SO Review – a brief history
As a result of the kindness of fellow hoarders, my collection of SO Reviews has increased to some 340 editions, spanning the years 1951 to 1986.
The earliest edition to hand is No. 63, dated August 1951. The Editor was JW Jobling (who had joined P&B as a Technical Clerk in 1942). Staff Side chairman was Arthur Barham who joined HMSO in 1936. The editorial begins ‘Appearing in unfamiliar guise as we do, we repeat the words used in the leading article of six-and-a-half years ago when this magazine was revived: We make no apologies for our appearance. We are here. Some readers will like our magazine and some will not. But we do hope that all will read it!’ The main point of concern was that of Equal Pay, which had not at the time come into force. A report of a staff outing to Brighton from Manor Farm Press and a mention that ‘increased costs have necessitated an uplift of one penny in the price — now 1s 2d — of lunches in the Wembley canteen’ filled page 2, then a report of the newly-built Atlantic House — ‘this vast prison-cum-barracks like building . . . dashing about the endless miles of corridors and up and down in the funny lifts which very few even yet thoroughly understand.’ The reporter goes on . . . ’when I was at Edinburgh the other day I found that many of the old inhabitants there were greatly disturbed about their coming move to Sighthill, and what a sight-hill!’ Among a list of social events mentioned was the wedding of Ralph Mills (then EO at Wembley) to Miss Joan Barnard, who worked in Supplies, Keysign House. Jimmy Stokes had just been appointed CSU chairman (messengerial). Ted Herton chaired the warehouse supervisory section, with Lew Ayres secretary. JL Wilkinson chaired SCS, with SCB West secretary.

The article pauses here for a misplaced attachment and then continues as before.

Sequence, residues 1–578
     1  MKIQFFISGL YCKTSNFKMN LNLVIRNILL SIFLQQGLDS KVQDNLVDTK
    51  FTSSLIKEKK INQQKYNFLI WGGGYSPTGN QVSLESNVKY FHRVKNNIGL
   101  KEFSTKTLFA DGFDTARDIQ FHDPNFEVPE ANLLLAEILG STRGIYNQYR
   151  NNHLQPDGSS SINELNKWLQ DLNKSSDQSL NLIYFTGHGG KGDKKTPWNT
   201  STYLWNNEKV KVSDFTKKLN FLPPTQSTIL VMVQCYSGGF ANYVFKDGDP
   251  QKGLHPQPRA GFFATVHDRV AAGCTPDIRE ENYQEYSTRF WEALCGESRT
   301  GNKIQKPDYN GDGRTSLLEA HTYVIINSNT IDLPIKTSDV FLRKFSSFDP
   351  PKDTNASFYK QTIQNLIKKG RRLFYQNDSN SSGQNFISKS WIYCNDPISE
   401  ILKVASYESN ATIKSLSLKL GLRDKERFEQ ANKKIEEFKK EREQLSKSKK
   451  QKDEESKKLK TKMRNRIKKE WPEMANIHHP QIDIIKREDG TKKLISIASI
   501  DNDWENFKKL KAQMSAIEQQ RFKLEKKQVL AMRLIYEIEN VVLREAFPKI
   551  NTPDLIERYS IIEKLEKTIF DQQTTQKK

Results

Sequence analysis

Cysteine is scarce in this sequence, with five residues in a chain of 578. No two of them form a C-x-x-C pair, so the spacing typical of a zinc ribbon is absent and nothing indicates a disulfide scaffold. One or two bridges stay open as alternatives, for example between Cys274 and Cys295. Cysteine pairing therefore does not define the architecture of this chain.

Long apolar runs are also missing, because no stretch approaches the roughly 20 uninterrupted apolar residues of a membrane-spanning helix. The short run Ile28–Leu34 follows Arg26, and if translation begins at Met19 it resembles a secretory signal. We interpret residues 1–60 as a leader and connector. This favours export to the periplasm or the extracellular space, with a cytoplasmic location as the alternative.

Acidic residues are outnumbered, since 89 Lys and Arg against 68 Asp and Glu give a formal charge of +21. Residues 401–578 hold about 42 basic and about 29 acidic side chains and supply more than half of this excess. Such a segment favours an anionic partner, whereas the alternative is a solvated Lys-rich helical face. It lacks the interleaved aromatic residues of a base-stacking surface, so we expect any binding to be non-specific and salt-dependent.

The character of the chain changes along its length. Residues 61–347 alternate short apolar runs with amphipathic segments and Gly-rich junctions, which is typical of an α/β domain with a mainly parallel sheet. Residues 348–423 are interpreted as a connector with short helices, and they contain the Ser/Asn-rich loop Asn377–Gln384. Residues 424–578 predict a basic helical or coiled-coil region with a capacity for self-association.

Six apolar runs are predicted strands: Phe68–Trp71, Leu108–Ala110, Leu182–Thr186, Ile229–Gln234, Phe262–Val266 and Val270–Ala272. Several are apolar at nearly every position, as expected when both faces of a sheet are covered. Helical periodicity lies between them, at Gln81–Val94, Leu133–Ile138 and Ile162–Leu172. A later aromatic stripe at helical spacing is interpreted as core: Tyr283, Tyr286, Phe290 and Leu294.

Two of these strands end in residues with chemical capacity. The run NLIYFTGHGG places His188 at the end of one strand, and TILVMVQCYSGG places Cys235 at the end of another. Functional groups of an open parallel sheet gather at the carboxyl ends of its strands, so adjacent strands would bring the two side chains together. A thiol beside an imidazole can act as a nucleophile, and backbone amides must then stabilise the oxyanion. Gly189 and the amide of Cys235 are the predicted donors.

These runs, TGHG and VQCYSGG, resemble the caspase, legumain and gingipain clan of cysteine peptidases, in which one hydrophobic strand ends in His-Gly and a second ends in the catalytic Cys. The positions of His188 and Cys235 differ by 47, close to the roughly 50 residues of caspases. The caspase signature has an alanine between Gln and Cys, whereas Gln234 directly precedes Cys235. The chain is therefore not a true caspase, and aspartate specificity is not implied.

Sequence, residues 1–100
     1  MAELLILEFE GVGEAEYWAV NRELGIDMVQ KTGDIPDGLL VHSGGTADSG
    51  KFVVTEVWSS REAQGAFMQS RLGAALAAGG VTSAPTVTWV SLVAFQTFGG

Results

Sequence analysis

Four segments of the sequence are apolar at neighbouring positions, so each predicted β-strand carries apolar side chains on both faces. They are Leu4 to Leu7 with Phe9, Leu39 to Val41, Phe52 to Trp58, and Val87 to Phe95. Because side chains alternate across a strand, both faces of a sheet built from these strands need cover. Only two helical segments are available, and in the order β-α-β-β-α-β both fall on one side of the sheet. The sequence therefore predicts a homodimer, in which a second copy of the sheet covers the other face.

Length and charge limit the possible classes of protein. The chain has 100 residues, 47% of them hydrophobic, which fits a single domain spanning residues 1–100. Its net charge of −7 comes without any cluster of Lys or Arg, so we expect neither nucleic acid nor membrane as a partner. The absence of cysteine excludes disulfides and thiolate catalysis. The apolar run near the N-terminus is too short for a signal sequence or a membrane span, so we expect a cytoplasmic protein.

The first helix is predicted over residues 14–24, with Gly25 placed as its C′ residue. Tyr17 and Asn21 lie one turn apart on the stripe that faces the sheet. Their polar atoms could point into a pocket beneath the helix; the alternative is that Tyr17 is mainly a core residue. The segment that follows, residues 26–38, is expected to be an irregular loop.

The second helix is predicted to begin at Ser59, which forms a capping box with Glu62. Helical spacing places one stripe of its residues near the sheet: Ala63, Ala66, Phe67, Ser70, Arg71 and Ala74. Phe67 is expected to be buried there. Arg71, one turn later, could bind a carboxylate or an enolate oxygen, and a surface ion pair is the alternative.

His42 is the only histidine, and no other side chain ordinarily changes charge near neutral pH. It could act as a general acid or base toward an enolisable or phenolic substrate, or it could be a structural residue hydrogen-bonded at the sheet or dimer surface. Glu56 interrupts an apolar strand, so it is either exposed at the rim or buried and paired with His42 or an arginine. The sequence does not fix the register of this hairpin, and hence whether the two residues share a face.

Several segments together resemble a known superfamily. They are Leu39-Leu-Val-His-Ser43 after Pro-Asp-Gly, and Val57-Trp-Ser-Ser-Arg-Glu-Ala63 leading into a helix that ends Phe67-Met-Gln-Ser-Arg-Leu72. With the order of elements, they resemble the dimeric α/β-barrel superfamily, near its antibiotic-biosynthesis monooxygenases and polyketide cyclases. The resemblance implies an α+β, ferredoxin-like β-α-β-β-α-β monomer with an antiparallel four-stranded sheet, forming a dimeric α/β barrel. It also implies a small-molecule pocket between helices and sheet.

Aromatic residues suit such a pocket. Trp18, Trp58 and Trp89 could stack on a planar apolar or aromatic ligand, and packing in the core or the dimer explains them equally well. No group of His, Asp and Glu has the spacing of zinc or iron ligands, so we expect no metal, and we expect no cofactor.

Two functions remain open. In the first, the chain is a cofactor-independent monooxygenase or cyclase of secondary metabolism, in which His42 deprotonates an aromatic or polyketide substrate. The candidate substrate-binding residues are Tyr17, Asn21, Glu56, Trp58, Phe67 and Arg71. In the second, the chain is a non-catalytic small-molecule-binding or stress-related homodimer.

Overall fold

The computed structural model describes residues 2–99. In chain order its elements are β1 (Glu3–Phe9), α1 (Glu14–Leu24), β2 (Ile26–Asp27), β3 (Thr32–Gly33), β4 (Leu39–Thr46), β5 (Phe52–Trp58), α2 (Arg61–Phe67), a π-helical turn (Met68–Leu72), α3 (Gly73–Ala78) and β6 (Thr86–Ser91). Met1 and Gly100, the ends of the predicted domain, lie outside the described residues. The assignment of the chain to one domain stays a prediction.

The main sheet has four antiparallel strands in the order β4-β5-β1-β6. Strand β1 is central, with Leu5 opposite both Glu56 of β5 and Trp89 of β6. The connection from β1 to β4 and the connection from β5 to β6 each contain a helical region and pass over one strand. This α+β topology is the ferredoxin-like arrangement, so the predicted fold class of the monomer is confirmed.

But we are getting ahead of ourselves. The 300th Review, dated March 1972, is a mine of information regarding the history of the magazine. Editor of the day, Bernard O’Brien (working from Tombland in HMSO Computer Division, later hived off to create CCTA) wrote as follows:
‘Three hundred Reviews, SO Reviews and Just SO. Nineteen editors, an innumerable legion of contributors and how many more subscribers? Since the bold beginnings in 1938 under Jack Cherns, the magazine has cruised through storms and tempests and even, at times, calms to the present edition. The price of the fiftieth edition, in June 1950, was 3d and the magazine was issued monthly, having been produced every two months up until then. There was a nice picture of Mavis Schofield dressed as a likely looking 18th century moll in the production by the Northern Area Branch Amateur Dramatic Society of ‘The Beaux Stratagem.’ Elsewhere in the pages was a column of vintage Antrim Glenn (Norman Glenn, Print Belfast) and also a photo of Tom Harris and Roy Pysden at their first conference of the SCS to be held outside London — in Margate. The 100th edition came out in October 1954, when JW Jobling who had been Editor for more than nine years handed over the job to SJ Langdon. Now renamed SO Review the magazine had a professional look with commercial advertising. A notable feature was an article and critique by the prolific Harry Edwards.
The next Editor was G Austin, followed by RW Bent and it was during his reign, in January 1959, that edition number 150 appeared. The cover carried a photo of goings-on at the Supplies Christmas party and shows three City Gents performing. They are identified inside as Bob Barnard, John Nash and Fred Frogley. Great joy prevailed at the news of a long-awaited pay award. The editorship changed hands more frequently thereafter — DG Lee, C Harkins, RA Butt, FE Grigson and then KH Ranger, who brought out the 200th issue in June 1963, immediately before relinquishing the job to JH Mathews. Dispersal looms and an article on Grimethorpe as the probable destination of many of the London staff sets the mood. But dispersal had already happened to some, as Basil Donne was now sending in New Town News. Bob Dwyer, Jim Richardson and Bill Williamson were successively Editors and it fell to Bill to publish Number 250 in November 1967. Dispersal was now the main theme. The manic ‘Hobbit’ had arrived and Sir Percy Faulkner left — pure coincidence. Gerry Aldus, Tony Olsson, Stuart Mitchell and Bernard O’Brien takes us up to date (1972). The only Editor not mentioned was Frank Davey whose bright idea of reviving Just SO in the early 1940s undoubtedly saved the magazine from oblivion.’